Although the past year has been dedicated to memories -- tracing the founders' history, delighting in traditions such as an annual Polish festival -- and activities, that only softens the blow of losing a beloved church that shaped, comforted and rejuvenated generations.

"It's in my mind all of the time," said Evelyn Glowiak of Sterling Heights, who was baptized and married there and has visited often this year. "I wanted to see the church as often as I could before it's gone."

The first incarnation of the church -- a wood-frame structure built by some 40 families and established as a Polish parish -- opened in 1902 where the parking lot now stands. A second church was inside the school building that was constructed in 1910. The school, which once enrolled more than 1,000 students, closed in 1969. The twin-steepled Romanesque-style church, which seats about 1,200, was built in 1923 for $160,000 and named for a theologian and a professor at the Catholic college in the old Polish capital of Krakow. Some of the church's ornate stained-glass windows bear the names of founding Polish families, who contributed to construction [if poor Polish émigrés could scrape together enough to build a church like this, don't tell me that wealthy American middle-class Catholics couldn't today! The fact is, they just don't want to].

Drawn by the concord of the forming congregation, Polish émigrés Kanty and Frances Halat saved earnestly to help erect the church and later attended with their nine children. "What they had, they gave," said daughter Loretta Prohownik, 85, of Allen Park, who was baptized and wed there. "It made you feel close to the church." For many who flooded the area early last century, St. John Cantius "was their root -- the main part of the community," said Laurie Gomulka Palazzolo, vice president and executive director of the West Side Detroit Polish American Historical Society. "There was nothing without the church. They knew they couldn't be here without God's help" [this parish was everything a good Catholic parish should be: "the main part of the community"].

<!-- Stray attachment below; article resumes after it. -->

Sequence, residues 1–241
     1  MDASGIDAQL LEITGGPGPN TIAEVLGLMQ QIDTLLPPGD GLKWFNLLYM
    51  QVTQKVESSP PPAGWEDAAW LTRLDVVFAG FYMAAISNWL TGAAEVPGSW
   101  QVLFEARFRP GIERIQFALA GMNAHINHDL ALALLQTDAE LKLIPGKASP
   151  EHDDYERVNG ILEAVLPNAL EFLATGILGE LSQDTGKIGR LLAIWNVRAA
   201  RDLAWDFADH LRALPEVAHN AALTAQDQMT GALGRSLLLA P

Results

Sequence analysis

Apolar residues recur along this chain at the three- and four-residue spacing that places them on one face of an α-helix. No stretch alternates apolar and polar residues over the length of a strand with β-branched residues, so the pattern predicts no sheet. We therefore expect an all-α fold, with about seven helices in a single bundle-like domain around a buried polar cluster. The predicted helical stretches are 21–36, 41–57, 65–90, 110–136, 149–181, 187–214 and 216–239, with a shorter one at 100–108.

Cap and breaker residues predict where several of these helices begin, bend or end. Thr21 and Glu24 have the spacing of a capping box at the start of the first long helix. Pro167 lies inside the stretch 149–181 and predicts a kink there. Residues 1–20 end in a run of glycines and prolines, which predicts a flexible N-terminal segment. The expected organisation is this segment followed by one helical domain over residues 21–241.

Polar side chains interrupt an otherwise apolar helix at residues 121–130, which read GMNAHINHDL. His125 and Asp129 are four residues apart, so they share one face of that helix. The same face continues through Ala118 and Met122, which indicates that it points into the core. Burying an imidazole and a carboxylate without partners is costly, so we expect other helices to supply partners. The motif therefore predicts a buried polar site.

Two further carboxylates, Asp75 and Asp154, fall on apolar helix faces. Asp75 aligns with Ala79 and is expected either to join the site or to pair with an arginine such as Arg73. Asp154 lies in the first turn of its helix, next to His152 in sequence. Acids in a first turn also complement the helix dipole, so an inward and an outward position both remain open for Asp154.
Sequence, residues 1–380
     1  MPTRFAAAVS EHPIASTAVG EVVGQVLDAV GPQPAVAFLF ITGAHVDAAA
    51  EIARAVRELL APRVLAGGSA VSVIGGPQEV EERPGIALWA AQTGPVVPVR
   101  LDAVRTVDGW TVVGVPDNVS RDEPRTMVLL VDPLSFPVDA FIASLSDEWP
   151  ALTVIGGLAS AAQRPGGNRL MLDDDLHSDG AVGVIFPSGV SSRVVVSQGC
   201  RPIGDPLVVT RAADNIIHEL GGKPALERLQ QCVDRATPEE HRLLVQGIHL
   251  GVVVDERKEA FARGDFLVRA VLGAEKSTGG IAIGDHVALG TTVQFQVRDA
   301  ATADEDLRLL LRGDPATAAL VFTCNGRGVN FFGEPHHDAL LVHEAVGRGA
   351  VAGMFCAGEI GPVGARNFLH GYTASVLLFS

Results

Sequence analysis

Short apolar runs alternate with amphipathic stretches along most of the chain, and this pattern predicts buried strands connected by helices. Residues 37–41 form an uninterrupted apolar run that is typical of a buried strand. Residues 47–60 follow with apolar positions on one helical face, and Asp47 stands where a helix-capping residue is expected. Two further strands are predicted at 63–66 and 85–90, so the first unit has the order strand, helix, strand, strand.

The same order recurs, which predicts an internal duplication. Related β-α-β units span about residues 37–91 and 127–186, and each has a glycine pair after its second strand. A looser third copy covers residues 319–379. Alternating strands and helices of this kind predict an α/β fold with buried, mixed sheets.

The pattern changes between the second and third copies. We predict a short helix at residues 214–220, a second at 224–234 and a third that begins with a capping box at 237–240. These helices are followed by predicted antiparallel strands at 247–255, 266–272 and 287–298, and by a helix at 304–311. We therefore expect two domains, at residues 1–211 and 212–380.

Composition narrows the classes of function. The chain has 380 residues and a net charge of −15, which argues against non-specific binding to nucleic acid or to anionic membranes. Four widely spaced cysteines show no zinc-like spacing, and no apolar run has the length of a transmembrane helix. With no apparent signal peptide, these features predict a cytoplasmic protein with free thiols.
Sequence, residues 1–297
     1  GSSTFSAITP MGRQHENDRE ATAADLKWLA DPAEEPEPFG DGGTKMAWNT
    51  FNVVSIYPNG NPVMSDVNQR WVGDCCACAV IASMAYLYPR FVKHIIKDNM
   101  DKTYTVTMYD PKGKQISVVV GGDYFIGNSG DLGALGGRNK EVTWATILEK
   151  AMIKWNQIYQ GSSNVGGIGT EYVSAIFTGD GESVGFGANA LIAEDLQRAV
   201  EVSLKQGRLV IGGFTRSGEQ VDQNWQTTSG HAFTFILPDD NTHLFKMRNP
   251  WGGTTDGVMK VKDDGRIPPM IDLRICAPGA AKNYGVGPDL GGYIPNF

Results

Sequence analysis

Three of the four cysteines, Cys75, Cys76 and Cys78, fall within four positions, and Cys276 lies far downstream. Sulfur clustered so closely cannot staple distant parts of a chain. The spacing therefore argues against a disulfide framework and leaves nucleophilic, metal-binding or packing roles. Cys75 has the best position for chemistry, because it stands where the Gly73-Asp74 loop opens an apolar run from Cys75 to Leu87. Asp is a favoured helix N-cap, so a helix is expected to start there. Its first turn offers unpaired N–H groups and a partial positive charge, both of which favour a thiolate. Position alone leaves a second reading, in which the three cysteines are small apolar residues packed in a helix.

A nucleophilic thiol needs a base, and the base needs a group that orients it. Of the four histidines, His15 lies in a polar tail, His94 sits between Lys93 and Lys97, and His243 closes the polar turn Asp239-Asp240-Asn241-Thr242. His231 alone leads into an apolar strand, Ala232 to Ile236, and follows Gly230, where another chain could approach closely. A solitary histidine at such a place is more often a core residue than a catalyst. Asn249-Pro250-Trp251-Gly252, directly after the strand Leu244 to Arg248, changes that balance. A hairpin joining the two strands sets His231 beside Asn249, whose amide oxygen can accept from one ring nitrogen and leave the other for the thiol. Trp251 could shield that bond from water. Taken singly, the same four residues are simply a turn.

Years passed in cavalcades of convention: Church bells reverberating for blocks. A priest bearing a tabernacle during Corpus Christi processions. Early morning Easter services bolstered by lily decorations and, the day before, the blessing of baskets brimming with items such as bread, butter lambs and painted hard-boiled eggs. Parishioners fondly recall when yearly tuition for the church school cost less than a dollar; dances and kielbasa dinners thrived in a basement social hall; and attendance so burgeoned that wooden pew seats were assigned [what a beautiful recollection of old Catholic traditions! And why was tuition so low? Because the school was run by religious who worked for free. Average cost for one year of private Catholic school today: $6,000 per child] .

The murmurs of multigenerational members filling rows each Mass were a constant for attendees such as Eugene Drabczyk, whose grandparents both attended shortly after emigrating from Poland. His parents were both baptized there, as were he and his brother. Drabczyk and his wife, Patricia, wed in the church on Aug. 21, 1965. Their daughters, still members, were baptized there. So were two grandsons. Reassured by the familiar faces, Polish hymns and other customs, mother Mary Drabczyk insisted on returning years after she moved to Lincoln Park. In late 2004, her funeral was held at the church -- concluding an uninterrupted, nearly 90-year membership. "My mom said she would never go to another church," said Eugene Drabczyk, 71, a retired banker from Southgate. "She liked the church so much. It always drew you there."

Members reminisce about the church school, which was taught by Felician Sisters. There, students learned to volunteer for convent cleaning, respect elders and humbly utter, "Praised be Jesus Christ." The school leaders "really did model good behavior," said Madonna University President Sister Rose Marie Kujawa, the third St. John Cantius member to hold that post. "It did create a spiritual atmosphere an uplifting one. They made you want to come to school" [contrary to the stereotypical portrayal of the mean nun with the ruler]. Kujawa's parents were baptized in the church and once lived across the street. Her mother, Anna, continued attending after leaving Delray to bask in "a family community," Kujawa said. "The church was a spiritual home."